This is a good question that had not occurred to me before I noticed that it is a Google search term. I interpret the question to mean, “Does cat vomit contain toxoplasma oocysts?”. I say this because human infection comes from ingesting T. gondii oocysts.
A cat becomes infected with T. gondii in two ways it seems to me.
Usually cats become infected when consuming an infected mouse which has the parasite’s cysts inside its tissues. The parasite goes into the cat’s stomach and survives and passes into epithelial cells of the cat’s small intestine where they undergo sexual development and reproduction. Large numbers of durable, thick-walled zygote-containing cysts known as oocysts are created. The epithelial cells rupture and the oocysts are shed in the cat’s faeces. A person may ingest these oocysts.
The other way is when a cat ingests oocysts but cats are less likely to be infected in this way as they are “much less sensitive to oocyst infection than are intermediate hosts [such as rodents and livestock].
However, if a cat ingests oocysts and then vomits, for whatever reason, the oocysts will be in the vomit. If then an extremely rare and unfortunate chain of events takes place it is conceivable that a person could ingest some oocysts which would infect the person. The chain of events I envisage would be a person clearing up the vomit and getting some of it on their hands. They wash their hands poorly or not at all and then put their hands in their mouth.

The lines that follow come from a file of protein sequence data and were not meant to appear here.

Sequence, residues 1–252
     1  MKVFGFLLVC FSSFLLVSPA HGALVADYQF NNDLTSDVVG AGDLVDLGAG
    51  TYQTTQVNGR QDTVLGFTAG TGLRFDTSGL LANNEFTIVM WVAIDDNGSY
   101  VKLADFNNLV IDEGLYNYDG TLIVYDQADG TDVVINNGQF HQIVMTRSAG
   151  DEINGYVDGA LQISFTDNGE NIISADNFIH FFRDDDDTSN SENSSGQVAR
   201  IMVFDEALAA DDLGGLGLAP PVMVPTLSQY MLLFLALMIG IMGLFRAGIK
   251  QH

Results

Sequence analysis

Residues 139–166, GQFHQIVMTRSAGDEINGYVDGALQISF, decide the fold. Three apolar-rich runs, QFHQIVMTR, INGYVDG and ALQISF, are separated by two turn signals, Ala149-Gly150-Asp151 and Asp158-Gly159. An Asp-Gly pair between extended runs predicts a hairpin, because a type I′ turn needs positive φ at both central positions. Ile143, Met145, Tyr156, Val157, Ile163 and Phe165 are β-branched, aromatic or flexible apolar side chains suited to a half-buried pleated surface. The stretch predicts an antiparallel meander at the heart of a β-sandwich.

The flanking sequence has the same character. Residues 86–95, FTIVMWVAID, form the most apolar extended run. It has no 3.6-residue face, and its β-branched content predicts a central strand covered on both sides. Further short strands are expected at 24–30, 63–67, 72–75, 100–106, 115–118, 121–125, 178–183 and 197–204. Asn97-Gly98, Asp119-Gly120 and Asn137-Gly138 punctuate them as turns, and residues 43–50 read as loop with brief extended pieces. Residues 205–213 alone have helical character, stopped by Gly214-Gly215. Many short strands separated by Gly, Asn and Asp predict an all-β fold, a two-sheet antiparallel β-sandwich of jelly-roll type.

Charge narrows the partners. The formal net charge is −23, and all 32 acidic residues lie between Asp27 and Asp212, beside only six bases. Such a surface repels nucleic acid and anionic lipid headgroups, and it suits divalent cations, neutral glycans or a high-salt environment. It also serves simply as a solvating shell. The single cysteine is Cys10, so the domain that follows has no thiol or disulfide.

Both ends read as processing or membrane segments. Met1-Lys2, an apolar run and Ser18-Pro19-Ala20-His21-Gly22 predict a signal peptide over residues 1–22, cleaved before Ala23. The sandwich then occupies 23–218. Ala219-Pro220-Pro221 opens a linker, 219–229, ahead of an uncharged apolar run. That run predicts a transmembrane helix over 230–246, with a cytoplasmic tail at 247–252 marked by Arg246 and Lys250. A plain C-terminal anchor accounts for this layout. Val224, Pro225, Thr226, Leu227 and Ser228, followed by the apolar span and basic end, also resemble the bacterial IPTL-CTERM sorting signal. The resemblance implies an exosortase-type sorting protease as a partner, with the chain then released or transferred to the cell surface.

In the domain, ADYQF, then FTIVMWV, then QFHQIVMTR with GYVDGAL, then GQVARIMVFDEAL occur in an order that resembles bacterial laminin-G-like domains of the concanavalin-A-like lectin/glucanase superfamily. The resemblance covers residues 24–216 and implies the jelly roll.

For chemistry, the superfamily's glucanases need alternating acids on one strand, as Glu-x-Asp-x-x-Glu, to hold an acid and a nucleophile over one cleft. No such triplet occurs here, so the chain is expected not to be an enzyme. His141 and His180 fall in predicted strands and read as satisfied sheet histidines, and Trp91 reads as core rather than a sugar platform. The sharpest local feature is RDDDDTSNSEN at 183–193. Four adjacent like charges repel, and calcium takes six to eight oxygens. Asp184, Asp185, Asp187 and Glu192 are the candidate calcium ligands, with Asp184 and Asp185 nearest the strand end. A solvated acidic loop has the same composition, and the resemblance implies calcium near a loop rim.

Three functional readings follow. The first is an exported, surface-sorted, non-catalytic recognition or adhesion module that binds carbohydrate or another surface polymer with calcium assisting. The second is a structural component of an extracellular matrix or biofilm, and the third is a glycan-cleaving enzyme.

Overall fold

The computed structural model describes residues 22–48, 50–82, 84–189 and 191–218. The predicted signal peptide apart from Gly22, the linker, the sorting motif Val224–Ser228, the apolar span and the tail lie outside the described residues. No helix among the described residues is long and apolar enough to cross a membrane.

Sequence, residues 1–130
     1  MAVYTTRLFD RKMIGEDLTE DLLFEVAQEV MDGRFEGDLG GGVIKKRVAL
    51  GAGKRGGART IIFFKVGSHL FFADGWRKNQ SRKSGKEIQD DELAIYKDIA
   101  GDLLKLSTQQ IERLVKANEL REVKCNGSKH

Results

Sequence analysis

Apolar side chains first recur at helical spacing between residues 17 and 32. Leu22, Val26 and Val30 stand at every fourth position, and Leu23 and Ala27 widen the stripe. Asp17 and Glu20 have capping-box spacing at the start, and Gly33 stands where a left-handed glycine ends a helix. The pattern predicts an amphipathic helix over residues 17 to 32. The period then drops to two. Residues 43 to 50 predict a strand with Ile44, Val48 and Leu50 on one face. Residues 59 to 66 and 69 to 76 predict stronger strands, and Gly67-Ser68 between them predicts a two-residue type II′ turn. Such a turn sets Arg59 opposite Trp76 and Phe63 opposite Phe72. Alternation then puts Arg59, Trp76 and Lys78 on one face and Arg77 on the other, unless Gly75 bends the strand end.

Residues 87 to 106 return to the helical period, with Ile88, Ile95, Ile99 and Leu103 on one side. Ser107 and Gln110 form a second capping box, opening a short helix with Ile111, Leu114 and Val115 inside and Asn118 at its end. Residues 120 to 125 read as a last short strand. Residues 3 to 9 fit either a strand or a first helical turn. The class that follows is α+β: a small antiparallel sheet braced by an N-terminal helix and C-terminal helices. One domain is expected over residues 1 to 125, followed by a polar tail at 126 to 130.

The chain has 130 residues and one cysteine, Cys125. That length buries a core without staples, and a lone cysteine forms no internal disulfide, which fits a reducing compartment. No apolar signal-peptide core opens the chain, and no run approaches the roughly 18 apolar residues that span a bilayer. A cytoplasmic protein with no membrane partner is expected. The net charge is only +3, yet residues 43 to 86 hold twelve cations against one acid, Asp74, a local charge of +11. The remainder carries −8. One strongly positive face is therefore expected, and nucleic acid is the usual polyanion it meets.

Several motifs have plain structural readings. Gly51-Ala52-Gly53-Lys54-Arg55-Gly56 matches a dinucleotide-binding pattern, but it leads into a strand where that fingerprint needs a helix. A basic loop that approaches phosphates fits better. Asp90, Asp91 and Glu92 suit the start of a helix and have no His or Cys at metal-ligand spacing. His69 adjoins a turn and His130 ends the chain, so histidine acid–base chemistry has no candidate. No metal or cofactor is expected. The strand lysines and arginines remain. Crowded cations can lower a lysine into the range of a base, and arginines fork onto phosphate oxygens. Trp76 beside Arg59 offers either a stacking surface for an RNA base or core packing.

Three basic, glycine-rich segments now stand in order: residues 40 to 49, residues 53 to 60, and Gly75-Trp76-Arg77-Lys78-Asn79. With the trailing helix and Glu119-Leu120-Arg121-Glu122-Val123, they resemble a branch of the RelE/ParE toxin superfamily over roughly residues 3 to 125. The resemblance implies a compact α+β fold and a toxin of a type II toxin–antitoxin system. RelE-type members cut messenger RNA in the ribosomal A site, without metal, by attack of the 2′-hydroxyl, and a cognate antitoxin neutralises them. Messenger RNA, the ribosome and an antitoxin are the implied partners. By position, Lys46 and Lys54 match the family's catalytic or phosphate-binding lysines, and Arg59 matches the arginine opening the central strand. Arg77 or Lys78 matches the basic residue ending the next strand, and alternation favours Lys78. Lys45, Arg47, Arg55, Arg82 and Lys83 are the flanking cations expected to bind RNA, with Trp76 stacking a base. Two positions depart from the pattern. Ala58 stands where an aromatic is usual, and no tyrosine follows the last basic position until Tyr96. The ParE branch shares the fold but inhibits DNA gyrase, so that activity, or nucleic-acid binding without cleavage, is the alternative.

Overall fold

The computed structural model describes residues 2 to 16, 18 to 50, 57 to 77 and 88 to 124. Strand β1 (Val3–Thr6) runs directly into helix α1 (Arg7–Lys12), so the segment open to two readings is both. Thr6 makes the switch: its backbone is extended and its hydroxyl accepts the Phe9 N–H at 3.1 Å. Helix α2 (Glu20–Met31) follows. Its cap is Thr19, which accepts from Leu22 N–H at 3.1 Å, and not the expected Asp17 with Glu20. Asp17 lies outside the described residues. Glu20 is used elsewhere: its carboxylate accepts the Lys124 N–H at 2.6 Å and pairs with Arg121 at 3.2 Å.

My conclusion, subject to someone more expert contradicting me, is that cat vomit can contain toxoplasmosis in the form of T. gondii oocysts. Ask a vet about this and see what he says. I’d bet they don’t provide a clear answer. The lifecycle of toxoplasmosis is complex and confusing. Cats are the only known definitive hosts of this zoonotic disease. It is a parasite.